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The all important February CPI report showed both headline and core inflation fell. That partially explains why stocks and treasuries have rallied this year. Treasury yields have embedded inflation expectations. Slowing economic growth and inflation have pushed them lower. Stocks like the dovish Fed which has been able to pause hikes because of the decline in inflation. Headline monthly inflation was 0.2% which was above last month’s reading of 0% and met the consensus. As you can see from the chart below, yearly headline CPI was 1.5% which fell from 1.6% and met the consensus.
Core CPI determines Fed policy. Monthly core inflation was 0.1% which missed the consensus and last month’s reading of 0.2%. That was a relatively big miss since it rarely misses estimates and the unrounded inflation rate was 0.11047%. This was the case with yearly core CPI. As you can see from the chart below, yearly core CPI was 2.1% which missed the consensus and last month’s reading of 2.2%. The unrounded reading was 2.08361% which was the lowest since February 2018.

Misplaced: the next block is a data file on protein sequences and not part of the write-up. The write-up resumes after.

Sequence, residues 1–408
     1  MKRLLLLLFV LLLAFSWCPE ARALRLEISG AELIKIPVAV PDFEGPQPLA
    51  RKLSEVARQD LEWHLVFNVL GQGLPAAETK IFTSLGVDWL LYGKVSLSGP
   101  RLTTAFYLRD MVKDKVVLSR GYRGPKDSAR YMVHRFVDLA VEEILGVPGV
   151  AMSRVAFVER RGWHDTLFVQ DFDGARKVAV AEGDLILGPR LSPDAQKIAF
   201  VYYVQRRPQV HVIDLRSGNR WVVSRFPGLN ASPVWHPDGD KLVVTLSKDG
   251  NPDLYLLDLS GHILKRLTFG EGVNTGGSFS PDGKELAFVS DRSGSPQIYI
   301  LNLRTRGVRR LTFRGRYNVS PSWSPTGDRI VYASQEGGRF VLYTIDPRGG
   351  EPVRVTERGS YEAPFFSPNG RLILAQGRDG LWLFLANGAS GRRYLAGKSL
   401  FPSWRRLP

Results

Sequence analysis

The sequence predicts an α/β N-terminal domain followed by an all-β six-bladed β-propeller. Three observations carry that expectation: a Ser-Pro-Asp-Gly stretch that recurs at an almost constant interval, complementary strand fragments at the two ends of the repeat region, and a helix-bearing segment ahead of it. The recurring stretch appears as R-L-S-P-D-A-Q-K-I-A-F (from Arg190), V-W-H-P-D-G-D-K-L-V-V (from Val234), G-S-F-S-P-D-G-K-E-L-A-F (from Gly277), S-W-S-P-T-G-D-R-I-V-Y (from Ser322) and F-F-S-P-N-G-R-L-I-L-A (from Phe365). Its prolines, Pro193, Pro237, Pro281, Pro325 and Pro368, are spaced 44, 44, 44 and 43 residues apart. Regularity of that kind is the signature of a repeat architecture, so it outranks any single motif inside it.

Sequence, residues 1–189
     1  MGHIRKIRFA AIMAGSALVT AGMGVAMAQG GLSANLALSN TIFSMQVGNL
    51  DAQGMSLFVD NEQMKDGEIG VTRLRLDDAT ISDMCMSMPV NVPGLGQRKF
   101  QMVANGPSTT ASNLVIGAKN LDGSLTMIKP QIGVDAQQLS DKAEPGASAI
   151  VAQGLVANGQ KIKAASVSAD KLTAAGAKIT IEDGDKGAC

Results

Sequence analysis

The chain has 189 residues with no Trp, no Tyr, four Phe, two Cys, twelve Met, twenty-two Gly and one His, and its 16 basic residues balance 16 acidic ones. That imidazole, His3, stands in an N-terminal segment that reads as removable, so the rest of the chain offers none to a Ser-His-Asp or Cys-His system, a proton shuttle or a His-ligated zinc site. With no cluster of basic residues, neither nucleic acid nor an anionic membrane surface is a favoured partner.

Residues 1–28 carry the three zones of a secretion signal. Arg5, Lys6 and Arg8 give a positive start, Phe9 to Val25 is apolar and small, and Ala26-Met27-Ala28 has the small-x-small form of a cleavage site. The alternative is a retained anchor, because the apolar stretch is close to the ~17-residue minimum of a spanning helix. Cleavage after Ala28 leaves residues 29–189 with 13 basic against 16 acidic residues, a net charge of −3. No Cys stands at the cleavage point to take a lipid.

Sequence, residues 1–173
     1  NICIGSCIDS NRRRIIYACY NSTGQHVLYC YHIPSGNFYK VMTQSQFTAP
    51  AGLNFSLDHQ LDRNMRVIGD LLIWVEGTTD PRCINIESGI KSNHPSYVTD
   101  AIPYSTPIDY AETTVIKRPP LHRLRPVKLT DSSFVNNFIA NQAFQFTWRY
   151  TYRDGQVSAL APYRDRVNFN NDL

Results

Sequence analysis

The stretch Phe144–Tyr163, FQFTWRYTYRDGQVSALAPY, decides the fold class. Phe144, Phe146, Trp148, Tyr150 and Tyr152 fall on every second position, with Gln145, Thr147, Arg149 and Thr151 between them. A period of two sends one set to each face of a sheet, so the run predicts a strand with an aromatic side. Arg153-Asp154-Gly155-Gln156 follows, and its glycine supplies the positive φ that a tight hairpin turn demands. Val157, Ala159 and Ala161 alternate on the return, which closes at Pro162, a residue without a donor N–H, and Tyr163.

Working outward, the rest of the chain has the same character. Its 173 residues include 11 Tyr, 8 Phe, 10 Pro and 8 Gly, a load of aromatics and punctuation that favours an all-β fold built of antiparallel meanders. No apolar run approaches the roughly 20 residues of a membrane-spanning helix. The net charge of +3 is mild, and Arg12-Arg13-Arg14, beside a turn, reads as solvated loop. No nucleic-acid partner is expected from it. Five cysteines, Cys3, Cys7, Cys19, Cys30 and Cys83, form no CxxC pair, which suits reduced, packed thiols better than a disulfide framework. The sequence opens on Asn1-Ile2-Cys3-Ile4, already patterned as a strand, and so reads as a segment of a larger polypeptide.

It’s interesting how close yearly core CPI has stayed to the Fed’s 2% target. Not including volatile food and energy prices makes it easier for the rate to stay consistent. If you believe core CPI is a good metric of inflation, then the Fed has done an amazing job of keeping inflation near its target. Lately, other developed economies have had a tough time getting inflation to increase enough to reach their targets.
The chart below has an arrow pointing towards the big boost in core inflation last March 2018. It went from 1.83% to 2.1%.
That tough comparison means core inflation will likely fall below 2% in the next reading. That will support the Fed’s patience. To be clear, patience means the Fed won’t hike rates this year. The Fed funds futures market shows there is a 79.2% chance the Fed doesn’t change rates this year and a 20.8% chance it cuts rates at least once. The Fed will update its guidance for the first time since the December meeting at its meeting on March 20th.
Details Of The CPI Report
The results we will review next are not seasonally adjusted and show yearly growth unless otherwise specified. Food inflation increased from 1.6% to 2%. That’s the highest inflation rate since April 2015. Food away from home drove this category higher as its prices were up 2.9%, while food at home inflation was only 1.2%. In the food at home category, the strongest reading was ‘nonalcoholic beverages and beverage materials’ which was 2.8%. Food away from home inflation was almost evenly distributed between ‘full service meals and snacks’ and ‘limited service meals and snacks’ which had inflation of 2.8% and 3%.
Headline inflation was pushed lower by energy as it was -5% which was the weakest reading since August 2016. Energy commodities inflation was -8.6%. This decline was mainly driven by gas prices as they fell 9.1%; fuel oil prices fell 2.4%.